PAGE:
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Social Media Ethics

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  1. Social Media Ethics SPJ Region 5 Spring Conference 2012 Mike Reilley and Amy Bartner

  2. Amy’s Case Studies

  3. Amy’s Case Studies

  4. Amy’s Case Studies

  5. Amy’s Case Studies

  6. Amy’s Case Studies

  7. Amy’s Case Studies

  8. Ethical Guidelines with Twitter • Consider everything public • Consider everything signed • Consider many accounts to be fake • Unless you know the person or know it’s his or her account • RTs can be endorsements • Storify on AP retweet guidelines • Check with your employer on policies for Tweeting • Internal issues can become external • Are opinions allowed?

  9. Be Careful With Twitter • This fake BBC News account tweeted false information … and look at all of the retweets.

  10. Think Spelling Doesn’t Matter? • ABC 7 Washington D.C.

  11. Verifying News on Twitter • How to verify? • Don’t trust anything you first read on Twitter • Know the sources (sources, not source) • Read the sources bio information • Take pause: click on the link, if there is one. Read the story. • Are other media outlets reporting it. • What attribution is there, if any? (if there is none, wait for some) • Play to your hunches: If it sounds too good to be true, it probably is!

  12. Misreporting: Paterno’s Death • Student alternative news site @OnwardState tweeted that Paterno had died on Saturday night, basing it on an email to players • CBS Sports website posted a news story on Paterno’s death, basing it on the OnwardState tweet but not attributing it. • Several media outlets and journalists began tweeting that Paterno died Saturday night.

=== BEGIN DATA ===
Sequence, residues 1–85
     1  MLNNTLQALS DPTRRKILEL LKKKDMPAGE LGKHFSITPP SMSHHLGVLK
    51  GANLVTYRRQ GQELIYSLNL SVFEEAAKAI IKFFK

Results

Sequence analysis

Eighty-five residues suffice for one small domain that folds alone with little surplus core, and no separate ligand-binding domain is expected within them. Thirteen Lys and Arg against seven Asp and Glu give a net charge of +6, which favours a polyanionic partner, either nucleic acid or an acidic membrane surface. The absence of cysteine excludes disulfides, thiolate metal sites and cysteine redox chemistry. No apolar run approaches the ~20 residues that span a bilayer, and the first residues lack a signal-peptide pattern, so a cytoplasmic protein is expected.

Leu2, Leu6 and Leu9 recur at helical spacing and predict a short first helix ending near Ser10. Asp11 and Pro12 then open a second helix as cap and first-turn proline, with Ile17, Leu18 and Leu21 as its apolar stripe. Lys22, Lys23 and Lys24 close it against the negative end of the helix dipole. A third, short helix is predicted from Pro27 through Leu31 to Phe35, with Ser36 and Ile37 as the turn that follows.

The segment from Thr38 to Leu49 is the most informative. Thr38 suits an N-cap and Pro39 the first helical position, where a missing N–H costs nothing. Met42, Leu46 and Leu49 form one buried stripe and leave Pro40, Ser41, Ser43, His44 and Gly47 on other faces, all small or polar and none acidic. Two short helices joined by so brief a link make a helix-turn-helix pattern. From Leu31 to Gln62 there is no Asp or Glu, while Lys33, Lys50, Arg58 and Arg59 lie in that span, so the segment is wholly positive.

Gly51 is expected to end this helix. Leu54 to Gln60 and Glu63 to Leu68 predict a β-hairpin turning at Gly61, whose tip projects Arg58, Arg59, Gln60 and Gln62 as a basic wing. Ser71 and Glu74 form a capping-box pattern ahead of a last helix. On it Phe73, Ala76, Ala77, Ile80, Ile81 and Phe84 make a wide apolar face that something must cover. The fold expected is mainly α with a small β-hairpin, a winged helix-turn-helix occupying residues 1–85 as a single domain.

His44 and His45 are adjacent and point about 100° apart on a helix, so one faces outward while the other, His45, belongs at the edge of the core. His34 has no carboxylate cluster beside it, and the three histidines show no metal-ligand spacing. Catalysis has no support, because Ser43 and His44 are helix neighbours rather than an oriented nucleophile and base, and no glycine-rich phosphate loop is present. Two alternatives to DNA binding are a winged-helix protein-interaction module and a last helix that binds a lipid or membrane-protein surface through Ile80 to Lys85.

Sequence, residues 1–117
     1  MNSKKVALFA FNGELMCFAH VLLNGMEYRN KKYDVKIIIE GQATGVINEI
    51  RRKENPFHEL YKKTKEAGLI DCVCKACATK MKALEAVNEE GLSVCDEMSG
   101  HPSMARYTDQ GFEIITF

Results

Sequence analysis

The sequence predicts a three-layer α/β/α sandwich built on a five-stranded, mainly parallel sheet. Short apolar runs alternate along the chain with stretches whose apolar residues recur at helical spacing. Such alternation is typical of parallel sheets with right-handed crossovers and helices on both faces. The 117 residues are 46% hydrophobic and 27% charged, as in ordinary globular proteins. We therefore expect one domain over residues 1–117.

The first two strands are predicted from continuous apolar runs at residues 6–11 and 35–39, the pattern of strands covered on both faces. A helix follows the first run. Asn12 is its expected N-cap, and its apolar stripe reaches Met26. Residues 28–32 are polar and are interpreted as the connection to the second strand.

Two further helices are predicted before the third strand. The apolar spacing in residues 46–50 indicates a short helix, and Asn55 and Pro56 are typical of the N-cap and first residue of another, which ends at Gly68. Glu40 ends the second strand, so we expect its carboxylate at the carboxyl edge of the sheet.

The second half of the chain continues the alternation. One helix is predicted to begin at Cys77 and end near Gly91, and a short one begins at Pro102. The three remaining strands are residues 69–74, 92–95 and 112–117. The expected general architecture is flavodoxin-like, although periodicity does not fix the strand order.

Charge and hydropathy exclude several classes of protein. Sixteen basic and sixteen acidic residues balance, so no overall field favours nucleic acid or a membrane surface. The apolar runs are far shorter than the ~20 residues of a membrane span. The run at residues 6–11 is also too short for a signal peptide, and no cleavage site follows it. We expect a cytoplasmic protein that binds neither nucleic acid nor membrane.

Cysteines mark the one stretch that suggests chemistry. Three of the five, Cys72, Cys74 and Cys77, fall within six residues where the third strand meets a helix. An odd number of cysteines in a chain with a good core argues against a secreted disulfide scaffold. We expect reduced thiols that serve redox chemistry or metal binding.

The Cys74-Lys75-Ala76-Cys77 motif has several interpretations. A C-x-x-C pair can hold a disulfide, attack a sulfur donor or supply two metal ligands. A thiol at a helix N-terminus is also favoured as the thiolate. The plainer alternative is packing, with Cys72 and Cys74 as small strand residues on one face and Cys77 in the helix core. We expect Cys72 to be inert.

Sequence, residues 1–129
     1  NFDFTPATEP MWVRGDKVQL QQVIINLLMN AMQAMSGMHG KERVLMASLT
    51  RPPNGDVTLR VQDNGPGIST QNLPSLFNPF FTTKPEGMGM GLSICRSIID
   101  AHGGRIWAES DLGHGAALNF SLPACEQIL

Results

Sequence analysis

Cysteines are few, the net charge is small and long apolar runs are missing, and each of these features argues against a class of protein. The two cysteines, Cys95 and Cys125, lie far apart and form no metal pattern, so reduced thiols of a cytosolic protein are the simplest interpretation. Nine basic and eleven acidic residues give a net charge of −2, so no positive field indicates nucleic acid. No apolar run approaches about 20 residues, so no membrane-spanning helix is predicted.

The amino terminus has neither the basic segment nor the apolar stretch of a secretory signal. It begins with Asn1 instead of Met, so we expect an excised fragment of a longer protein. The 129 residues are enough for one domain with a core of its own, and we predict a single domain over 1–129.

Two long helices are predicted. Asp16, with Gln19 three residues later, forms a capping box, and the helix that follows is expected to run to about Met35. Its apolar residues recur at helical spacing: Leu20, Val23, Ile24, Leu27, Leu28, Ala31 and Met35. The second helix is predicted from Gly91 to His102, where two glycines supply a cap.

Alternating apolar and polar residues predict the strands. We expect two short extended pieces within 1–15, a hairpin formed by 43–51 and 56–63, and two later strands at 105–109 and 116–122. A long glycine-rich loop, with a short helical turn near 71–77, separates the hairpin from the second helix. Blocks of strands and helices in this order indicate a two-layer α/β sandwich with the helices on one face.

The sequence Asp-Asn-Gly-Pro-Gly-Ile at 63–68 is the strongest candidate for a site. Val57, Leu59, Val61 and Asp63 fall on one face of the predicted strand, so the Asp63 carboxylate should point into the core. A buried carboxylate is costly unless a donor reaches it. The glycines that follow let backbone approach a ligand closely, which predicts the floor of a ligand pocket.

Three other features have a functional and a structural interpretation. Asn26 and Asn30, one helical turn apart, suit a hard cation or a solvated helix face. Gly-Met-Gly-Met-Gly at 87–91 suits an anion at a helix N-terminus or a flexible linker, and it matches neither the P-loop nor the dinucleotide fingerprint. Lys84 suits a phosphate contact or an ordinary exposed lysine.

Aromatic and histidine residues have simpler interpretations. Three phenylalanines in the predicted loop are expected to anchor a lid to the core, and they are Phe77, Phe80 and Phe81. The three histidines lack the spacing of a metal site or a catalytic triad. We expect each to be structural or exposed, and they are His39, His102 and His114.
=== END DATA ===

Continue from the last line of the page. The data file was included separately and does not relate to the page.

13. OnwardState’s Tweet Link went here.

  14. Misreporting: Joe Paterno’s Death • CBSSports.com home page screengrab from Saturday night.

  15. Misreporting: Joe Paterno’s Death • Paterno’s family denied the rumor; son Jay tweeted that dad was alive. • @OnwardState ran a correction on its site and tweeted it quickly. • CBSSports.com added attribution to @OnwardState in its story only after the Paterno family denied rumor. • CBSSports.com managing editor wrote retraction and apology, but it took more than 90 minutes. • Later fired reporter-producer who posted the story without attribution.

  16. Lessons Learned • Fact-check on any story, but especially on sensitive stories such as a death. • Attribute everything and use links! • CBS Sports learned this! • First-hand knowledge/interview never can be replaced by social media. • Take pause before hitting the send button. Do we know it’s true?

  17. More Lessons Learned • Huffington Post got it wrong Saturday night. How it handled the correction.

  18. More Lessons Learned • Poynter: Craig Silverman on how getting it right is more important than getting it first. • Poynter: Jeff Sonderman on Paterno reporting gaffe. • Elana Zak’s Storify on how the events transpired.

  19. How Journalists Use Social Media

  20. How Journalists Use Social Media

  21. How Journalists Use Social Media

  22. Sources • Amy Gahran • Poynter Institute, E-media Tidbits • Maynard Institute • Why Journalists Shouldn’t Snicker About Twitter • MuckRack.com • PBS Newshour • The Poynter Institute • Steve Buttry • “Twitter for Journalists” • Used with permission • http://www.slideshare.net/stevebuttry/twitter-for-journalists-1702381